Murdaugh Murders Saga: Unpacking The Alex Murdaugh Bond Hearing

Dissecting the latest developments in this ongoing, true crime odyssey …

There was a lot to unpack this week in Hampton county, South Carolina after Alex Murdaugh – the man at the epicenter of the convoluted ‘Murdaugh Murders’ true crime saga – appeared in one of the Lowcountry courtrooms where he and his family have held sway over regional justice for decades.

Murdaugh, 53, surrendered earlier in the day to agents of the S.C. State Law Enforcement Division (SLED) – the agency currently investigating no fewer than six criminal inquiries involving the attorney, his family and the prestigious Peters, Murdaugh, Parker, Eltzroth and Detrick (PMPED) law firm it helped found.

PMPED has won huge judgements from friendly juries in Hampton county for decades, while members of the Murdaugh family occupied the office of local solicitor – or district attorney – for nearly a century between 1920-2006.

As of this writing, Murdaugh is facing three charges in connection with one of these six active criminal probes – the investigation into a bizarre shooting incident that took place on September 4, 2021 on the side of a rural road near Varnville, S.C. Murdaugh has been accused of insurance fraud, conspiracy to commit insurance fraud and filing a false police report in connection with that incident – which was exclusively reported by this news outlet.

According to SLED, Murdaugh has acknowledged conspiring with 61-year-old Curtis Edward “Eddie” Smith to stage his own murder so his surviving son could collect on a $10 million insurance benefit. Smith – whose arrest was also exclusively reported by this news outlet – has been described by sources close to the Murdaugh family as Alex Murdaugh’s “personal drug dealer.”

(Click to Listen)



Obviously, the alleged conspiracy between Murdaugh and Smith – which the latter is now referring to as a “set-up” – is a far cry from the story the family and its lawyers tried to spin. Jim Griffin – a well-known criminal defense attorney from Columbia, S.C. who is representing Murdaugh – offered up quite the whopper to the mainstream press following the shooting, claiming his client stopped to inspect a flat tire on the Mercedes-Benz SUV he was driving (even though the vehicle was equipped with run-flat tires).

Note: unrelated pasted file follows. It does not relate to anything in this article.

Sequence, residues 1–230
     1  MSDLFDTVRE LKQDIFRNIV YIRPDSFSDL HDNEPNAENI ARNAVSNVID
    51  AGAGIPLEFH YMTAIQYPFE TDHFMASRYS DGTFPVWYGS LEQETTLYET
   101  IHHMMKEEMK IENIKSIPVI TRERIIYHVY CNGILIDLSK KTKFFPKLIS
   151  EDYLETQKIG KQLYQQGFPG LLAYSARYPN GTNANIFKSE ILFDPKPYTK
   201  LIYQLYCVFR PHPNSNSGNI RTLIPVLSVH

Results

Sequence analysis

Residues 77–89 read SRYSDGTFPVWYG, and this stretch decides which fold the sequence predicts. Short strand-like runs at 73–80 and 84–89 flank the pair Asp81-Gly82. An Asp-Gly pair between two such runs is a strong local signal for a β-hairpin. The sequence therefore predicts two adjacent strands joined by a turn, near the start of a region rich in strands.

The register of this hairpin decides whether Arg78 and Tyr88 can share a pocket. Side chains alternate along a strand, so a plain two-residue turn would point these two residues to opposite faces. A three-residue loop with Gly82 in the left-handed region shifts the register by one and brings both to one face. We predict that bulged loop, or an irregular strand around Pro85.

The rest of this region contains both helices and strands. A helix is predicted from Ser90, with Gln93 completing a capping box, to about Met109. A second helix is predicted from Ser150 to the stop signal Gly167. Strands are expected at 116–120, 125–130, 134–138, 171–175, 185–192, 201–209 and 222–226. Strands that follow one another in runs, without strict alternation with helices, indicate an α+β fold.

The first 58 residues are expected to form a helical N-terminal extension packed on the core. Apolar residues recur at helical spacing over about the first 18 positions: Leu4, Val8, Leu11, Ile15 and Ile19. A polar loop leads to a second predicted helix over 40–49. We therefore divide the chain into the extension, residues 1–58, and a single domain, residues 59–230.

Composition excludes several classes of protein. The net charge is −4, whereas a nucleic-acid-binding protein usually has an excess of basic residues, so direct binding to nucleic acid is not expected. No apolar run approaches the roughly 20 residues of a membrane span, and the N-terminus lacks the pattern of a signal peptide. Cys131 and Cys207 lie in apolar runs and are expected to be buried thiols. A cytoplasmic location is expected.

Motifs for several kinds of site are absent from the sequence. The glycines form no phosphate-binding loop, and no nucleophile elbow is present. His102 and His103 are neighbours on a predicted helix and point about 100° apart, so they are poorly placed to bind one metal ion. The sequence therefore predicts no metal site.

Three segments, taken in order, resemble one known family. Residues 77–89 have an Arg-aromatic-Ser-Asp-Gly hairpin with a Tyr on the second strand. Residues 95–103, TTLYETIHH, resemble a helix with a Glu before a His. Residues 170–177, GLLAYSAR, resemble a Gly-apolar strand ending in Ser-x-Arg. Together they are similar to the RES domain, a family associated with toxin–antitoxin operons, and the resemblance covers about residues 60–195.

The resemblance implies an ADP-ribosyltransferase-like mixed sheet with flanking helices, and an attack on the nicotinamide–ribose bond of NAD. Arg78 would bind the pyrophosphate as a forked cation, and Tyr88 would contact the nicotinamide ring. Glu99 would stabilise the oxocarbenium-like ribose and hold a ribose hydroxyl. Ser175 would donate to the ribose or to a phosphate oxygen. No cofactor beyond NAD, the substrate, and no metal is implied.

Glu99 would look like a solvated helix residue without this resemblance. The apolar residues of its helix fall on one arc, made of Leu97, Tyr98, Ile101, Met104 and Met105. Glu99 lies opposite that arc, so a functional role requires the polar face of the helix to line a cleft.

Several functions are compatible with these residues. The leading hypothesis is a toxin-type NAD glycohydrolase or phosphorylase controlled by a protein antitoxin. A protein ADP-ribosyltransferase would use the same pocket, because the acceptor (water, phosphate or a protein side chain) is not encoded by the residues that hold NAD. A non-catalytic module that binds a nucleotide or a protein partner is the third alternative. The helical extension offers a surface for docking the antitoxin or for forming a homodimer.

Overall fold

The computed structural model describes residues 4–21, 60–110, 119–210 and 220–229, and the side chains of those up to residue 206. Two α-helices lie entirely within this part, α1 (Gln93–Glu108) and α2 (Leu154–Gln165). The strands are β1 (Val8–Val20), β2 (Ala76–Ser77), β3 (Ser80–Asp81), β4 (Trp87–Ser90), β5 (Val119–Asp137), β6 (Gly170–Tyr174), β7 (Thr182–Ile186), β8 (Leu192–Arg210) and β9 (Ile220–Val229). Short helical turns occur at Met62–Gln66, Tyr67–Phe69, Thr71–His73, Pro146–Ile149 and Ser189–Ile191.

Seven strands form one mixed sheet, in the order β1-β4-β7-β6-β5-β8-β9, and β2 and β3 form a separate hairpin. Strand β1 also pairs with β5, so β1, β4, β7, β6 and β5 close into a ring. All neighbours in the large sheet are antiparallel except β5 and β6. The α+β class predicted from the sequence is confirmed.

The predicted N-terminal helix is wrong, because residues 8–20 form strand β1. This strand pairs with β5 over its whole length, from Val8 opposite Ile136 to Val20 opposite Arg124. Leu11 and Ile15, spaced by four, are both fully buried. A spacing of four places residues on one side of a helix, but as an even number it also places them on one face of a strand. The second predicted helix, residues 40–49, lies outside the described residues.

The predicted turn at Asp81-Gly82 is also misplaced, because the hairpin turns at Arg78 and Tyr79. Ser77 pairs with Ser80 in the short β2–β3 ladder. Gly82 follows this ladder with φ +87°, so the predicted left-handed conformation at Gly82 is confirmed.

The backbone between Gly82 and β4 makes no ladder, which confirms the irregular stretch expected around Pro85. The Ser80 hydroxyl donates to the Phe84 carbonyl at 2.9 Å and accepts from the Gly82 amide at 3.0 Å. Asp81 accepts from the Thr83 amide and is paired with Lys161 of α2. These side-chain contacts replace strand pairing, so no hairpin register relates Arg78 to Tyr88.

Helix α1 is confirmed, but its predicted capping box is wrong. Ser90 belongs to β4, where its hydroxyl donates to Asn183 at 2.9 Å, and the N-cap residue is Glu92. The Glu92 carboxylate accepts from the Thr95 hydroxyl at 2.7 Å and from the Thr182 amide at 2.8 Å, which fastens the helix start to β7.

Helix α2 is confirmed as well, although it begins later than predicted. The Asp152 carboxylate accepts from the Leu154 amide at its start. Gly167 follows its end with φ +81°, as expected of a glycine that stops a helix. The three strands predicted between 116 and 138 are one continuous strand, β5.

The shooting took place just seven miles from Murdaugh’s “Moselle” hunting lodge – where a brutal double homicide took place just three months earlier. Murdaugh, incidentally, remains a ‘person of interest’ in connection with that shooting, which claimed the lives of his wife, 52-year-old Maggie Murdaugh, and the couple’s youngest son, 22-year-old Paul Murdaugh.

According to Griffin, a truck passed Murdaugh on the road as he was inspecting the flat tire – which the attorney said “appeared to have been slashed.” The driver of the truck then circled back to the scene and purportedly asked Murdaugh if he was having car trouble, according to Griffin’s version of events.

Then he allegedly shot Murdaugh in the head.

This narrative of a “random roadside shooting” quickly began to collapse, though, and then completely fell apart as incriminating details from the crime scene – first reported by this news outlet – began emerging.

Of course, the subterfuge surrounding the events which preceded the roadside shooting is absolutely nothing compared to the blatant lies told in its aftermath.



Following the shooting, Griffin made all sorts of claims to the mainstream media – going out of his way to dramatize the seriousness of the wound his client sustained. To hear Griffin tell it, Murdaugh’s head injury was something straight out of the Zapruder film.

Specifically, Griffin claimed Murdaugh sustained “entry and exit wounds” from the bullet that struck him. He also claimed the projectile fractured his client’s skull, causing hemorrhaging in his brain and leaving him temporarily blind. All of this was first reported by The (Charleston, S.C.) Post and Courier, a Pulitzer Prize-winning paper which is one of many mainstream media outlets to have missed the proverbial boat on this saga from the very beginning.

“He’s very lucky to be alive,” Griffin told the paper, referring to his client’s wounds as “significant.”

Murdaugh’s condition was so serious, allegedly, it required him to be airlifted to a Savannah, Georgia hospital – although it is worth recalling Griffin told members of the mainstream media his client had been transported to a government-run hospital in Charleston, S.C.

Hmmmm …

From the very beginning, SLED referred to the gunshot wound sustained by Murdaugh as “superficial.”